1. Gardner, D. Where are the cores in this thing?…and what are they computing? (with apologies to Larry Abbott). J. Computational Neurosci. 50: 133-138, 2022. https://doi.org/10.1007/s10827-021-00809-1
  2. Gardner, E.P. and Gardner, D. Sensory Coding. In: Principles of Neural Science, 6th edition. Edited by E.R. Kandel, J.D. Koester, S.H. Mack, and S.A. Siegelbaum. New York: McGraw-Hill, 2021, pp. 385-407.
  3. Gardner, D. and Gardner, E.P. Conserved canonical circuits & computations, continued. Soc. Neurosci. Abstr. 46: 2021.
  4. Gardner D. Do biological neural networks perform identifiable and verifiable canonical computations? Soc. Neurosci. Abstr. 45: Program No. 728.01, 2019.
  5. Gardner, D. Neuromorphic neural networks: converging globally, acting locally. Neurosci. Abstr.44: Program No. 339.01, 2018.
  6. Gardner, D. and Gardner, E.P. Neural network hidden layer units may model cortical neuron responses. Neurosci. Abstr.42: Program No. 756.04, 2016.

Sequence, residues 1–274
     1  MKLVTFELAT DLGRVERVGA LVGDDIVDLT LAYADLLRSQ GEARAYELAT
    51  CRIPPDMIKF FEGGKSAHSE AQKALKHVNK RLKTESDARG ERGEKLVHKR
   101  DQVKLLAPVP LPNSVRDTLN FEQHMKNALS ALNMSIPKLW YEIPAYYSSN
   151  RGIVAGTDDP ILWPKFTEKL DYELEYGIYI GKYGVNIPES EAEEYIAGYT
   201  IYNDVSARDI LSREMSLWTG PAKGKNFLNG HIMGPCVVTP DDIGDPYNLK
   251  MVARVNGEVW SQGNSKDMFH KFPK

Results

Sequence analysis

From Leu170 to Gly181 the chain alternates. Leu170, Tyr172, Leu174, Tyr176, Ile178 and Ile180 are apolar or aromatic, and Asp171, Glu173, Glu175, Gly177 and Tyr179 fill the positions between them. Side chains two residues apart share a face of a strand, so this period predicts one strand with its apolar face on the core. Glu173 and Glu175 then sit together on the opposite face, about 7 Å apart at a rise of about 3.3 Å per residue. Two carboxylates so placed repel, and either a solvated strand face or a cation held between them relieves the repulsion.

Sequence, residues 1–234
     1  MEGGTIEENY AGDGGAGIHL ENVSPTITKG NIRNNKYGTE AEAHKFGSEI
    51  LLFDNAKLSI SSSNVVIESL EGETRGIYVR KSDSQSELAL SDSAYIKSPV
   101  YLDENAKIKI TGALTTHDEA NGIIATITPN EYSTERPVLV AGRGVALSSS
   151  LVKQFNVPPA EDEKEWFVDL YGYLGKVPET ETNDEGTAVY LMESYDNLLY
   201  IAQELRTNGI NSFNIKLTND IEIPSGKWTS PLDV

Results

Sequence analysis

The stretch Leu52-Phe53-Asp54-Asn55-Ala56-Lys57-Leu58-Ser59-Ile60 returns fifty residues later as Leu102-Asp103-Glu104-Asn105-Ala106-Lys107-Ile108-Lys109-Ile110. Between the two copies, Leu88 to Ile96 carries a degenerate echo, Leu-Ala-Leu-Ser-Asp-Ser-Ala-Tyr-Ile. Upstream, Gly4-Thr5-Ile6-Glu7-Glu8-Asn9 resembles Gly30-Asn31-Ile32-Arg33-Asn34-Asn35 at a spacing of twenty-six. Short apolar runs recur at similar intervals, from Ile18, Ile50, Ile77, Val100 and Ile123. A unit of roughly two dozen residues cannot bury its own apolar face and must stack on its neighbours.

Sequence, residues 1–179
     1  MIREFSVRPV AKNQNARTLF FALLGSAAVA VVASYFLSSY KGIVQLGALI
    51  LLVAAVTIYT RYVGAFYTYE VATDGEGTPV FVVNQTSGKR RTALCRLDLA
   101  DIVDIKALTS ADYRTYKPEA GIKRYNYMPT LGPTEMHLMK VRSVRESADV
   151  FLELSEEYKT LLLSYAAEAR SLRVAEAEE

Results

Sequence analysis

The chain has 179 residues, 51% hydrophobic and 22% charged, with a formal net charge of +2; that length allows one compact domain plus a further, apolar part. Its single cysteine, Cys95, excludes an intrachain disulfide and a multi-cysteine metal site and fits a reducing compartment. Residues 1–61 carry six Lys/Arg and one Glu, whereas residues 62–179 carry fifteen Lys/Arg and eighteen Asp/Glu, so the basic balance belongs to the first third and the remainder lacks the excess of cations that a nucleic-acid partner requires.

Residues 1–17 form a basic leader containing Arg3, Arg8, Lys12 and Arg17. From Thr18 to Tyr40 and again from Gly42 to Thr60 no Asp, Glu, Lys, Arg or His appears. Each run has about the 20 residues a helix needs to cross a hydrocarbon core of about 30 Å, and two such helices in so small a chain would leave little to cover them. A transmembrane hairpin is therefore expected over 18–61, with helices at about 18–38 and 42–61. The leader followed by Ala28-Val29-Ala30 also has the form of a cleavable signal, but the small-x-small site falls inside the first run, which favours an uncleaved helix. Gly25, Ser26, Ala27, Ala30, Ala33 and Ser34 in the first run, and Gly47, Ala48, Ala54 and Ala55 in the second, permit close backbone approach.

7. Gardner, D., Victor, J.D., and Gardner, E.P. Neuroanalysis.org: Information-theoretic open-source methods to analyze somatosensory coding. HHMI Janelia Farm conference, Mammalian Circuits Underlying Touch Sensation. September 22-25, 2013.
  8. Goldberg, D.H., Victor, J.D., Gardner, E.P, and Gardner, D. Spike Train Analysis Toolkit: Enabling wider application of information-theoretic techniques to neurophysiology. Neuroinformatics7, 165-178, 2009; PMC2818590.
  9. Gardner, D., Akil, H., Ascoli, G.A., Bowden, D.M., Bug, W., Donohue , D.E., Goldberg, D.H., Bernice Grafstein, B., Grethe, J.S., Gupta, A., Halavi, M., Kennedy, D.N., Marenco, L., Martone, M.E., Miller, P.L., Müller, H.-M., Robert, A. Shepherd, G.M., Sternberg, P.W., Van Essen, D.C., and Williams, R.W. The Neuroscience Information Framework: A data and knowledge environment for neuroscience. Neuroinformatics6(3): 149–160, 2008; PMC2661130.
  10. Gardner, D., Goldberg, D.H., Grafstein, B., Robert, A., and Gardner, E.P. Terminology for neuroscience data discovery: Multi-tree syntax and investigator-derived semantics. Neuroinformatics 6(3): 161–174, 2008; PMC2663521.
  11. Petilla Interneuron Nomenclature Group (39 authors including D. Gardner). Petilla terminology: nomenclature of features of GABAergic interneurons of the cerebral cortex. Nature Rev. Neurosci.9: 557-568, 2008.